I eat quite a lot of nuts and while you are very much what you eat, I don’t think you can really use this statement to deduce anything about my mental health.  Many of these nuts come from Waitrose and they used to come in numbered packets (00-99) with each number representing a different type of nut, seed, dried fruit or combination of the above.  However, in recent weeks this has all changed with nuts (and other comestibles) in new (un-numbered) packaging and re-branded ‘lovelife’.  I am unsure whether it is we the consumer or the nuts themselves who are being encouraged to say ‘no’ to suicide – or perhaps organic walnuts are an aphrodisiac and the new brand is by way of a recommendation for victuals that will spice up a couple’s gland games.

All very well you may say, dodgy re-branding is a fact of modern life – even for the Waitrose shopper – but why do you bring this up?  Well, while I was waiting at the till earlier this week, I spied a copy of the Waitrose Food Illustrated magazine (free to Partnership cardholders!) which displayed a strap line to the effect that lovelife was “the range everyone is talking about”.

I like to think I get about a bit – only last night I was hob-nobbing (well, more cava and canapé-ing, if honest) with the fragrant Mary Archer and the Mayor of Cambridge (among other luminaries) at the launch of the Cambridge Summer Music Festival – but despite the celebrity-inflected gay social whirl that is my life, I had encountered no-one discussing a newly re-named range of edible tidbits from the John Lewis Partnership (and this despite the fact that last night’s canapés were consumed in the 3rd floor brasserie of the John Lewis store in Cambridge).  Where am I going wrong?

It is not as though this is the only example of me being left out.  I must be one of the few people left in the UK never to have been offered (or even mentioned in conjunction with) a vacant position in the Sugarbabes or the role of England football manager.  I will readily admit that my singing voice may not be the Mae West and my grasp of the off-side trap lacking – but I doubt I could do a poorer job than the current incumbents.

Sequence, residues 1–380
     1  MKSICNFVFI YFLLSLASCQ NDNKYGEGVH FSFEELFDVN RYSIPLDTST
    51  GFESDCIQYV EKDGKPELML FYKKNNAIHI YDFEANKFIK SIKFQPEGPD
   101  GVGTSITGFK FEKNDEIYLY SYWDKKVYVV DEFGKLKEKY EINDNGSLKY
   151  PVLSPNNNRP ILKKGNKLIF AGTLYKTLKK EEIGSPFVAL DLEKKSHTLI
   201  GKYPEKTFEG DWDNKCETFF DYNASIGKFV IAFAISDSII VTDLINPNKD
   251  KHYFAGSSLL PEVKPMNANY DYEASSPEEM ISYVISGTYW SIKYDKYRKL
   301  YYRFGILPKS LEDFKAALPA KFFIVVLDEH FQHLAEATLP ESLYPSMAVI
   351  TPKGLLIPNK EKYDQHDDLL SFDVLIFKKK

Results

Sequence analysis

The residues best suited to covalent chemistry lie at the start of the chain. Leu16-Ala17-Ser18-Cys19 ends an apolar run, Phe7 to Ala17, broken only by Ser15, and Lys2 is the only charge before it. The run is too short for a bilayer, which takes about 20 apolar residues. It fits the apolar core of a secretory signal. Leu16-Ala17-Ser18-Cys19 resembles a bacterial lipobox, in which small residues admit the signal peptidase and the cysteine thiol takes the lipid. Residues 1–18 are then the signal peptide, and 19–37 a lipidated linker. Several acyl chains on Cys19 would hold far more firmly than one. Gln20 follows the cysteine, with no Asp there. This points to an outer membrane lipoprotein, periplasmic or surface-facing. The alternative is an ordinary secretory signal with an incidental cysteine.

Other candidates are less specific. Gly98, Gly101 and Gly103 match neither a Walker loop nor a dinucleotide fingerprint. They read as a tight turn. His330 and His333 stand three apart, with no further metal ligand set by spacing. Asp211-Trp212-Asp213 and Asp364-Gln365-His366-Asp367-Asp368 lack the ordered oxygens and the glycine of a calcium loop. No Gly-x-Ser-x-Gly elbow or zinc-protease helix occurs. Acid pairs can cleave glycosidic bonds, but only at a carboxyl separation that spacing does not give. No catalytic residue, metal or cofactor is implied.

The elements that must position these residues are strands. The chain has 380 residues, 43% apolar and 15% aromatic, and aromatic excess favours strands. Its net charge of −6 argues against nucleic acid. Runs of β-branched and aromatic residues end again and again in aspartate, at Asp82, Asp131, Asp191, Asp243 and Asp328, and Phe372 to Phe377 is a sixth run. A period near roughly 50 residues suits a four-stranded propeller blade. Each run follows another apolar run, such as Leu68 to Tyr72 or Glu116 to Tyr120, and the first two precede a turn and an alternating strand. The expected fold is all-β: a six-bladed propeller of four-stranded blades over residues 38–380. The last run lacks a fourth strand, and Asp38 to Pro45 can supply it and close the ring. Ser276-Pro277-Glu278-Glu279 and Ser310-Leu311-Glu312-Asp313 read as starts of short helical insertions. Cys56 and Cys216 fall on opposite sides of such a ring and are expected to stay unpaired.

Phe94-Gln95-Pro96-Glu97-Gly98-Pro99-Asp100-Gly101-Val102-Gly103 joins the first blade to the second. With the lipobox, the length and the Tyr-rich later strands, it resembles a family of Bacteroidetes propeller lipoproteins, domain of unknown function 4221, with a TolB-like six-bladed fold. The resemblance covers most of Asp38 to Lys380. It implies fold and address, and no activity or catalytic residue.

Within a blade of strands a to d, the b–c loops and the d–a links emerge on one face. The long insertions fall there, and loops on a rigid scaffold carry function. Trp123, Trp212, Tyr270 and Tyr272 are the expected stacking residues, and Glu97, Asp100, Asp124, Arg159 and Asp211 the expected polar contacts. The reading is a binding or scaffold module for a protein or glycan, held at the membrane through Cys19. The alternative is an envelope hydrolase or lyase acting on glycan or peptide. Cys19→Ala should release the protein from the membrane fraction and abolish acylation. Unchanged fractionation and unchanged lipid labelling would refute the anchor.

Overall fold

Worse, the News of the World has failed to make even a desultory effort to hack into my phone (either landline or mobile) – which may make me unique in this country.

What does a chap have to do to get noticed?  I had thought that after leaving school the weekly ritual of being picked last (or penultimately) for every sporting team would be at an end, but it would seem not…

A Classical Education?

The astute reader may have noticed my penchant for the classical allusion. In fact, I did once have a vigorous argument with my then boss (while she was giving me a lift home) about the importance of being taught classics at school.  She (a distinguished professor of education) was against it, I (a lapsed mathematician) was for it – I rather fear that I may not have won that particular round.

Against this background, I take a positive view of today’s news that a pub landlady in Portsmouth has won the (at least provisional) right to show games of English association football which come to her from Greece (via satellite, rather than delivered by trireme). This right had been disputed by Sky who seemed keen to charge her rather more to show the same bunch of 22 men running around after a ball – but, to be honest, I think the Greeks have greater need of her money.

I presume that this could, to coin a cliché, open the floodgates and across the land pub-based footie fans will be obtaining their “fix” direct from Greece. I am given to understand that much of the joy of such games is the “atmosphere” at the stadium, and so presume that the games will be enjoyed with the sound up. This will mean that a whole new audience will be exposed to the Greek language – albeit both modern and demotic (and perhaps with relatively limited vocabulary, though I will admit to being no expert on the esoteric art of football commentary – or, for that matter, the offside rule).

Surely, though it cannot be long before followers of the blues or greens (or was that Rome?) or whomever will want to put their growing knowledge of the language to greater use. I eagerly anticipate talkSPORT phone-ins (or should that be phones-in?) comprising angry clashes about the role of the Gods in Homer or about Athenian tactics in Thucydides. I can almost hear Alan Hansen’s damning indictment of the “terrible defending” of the Trojans on Match of the Day (bad enough letting a ball through, but a giant wooden horse?)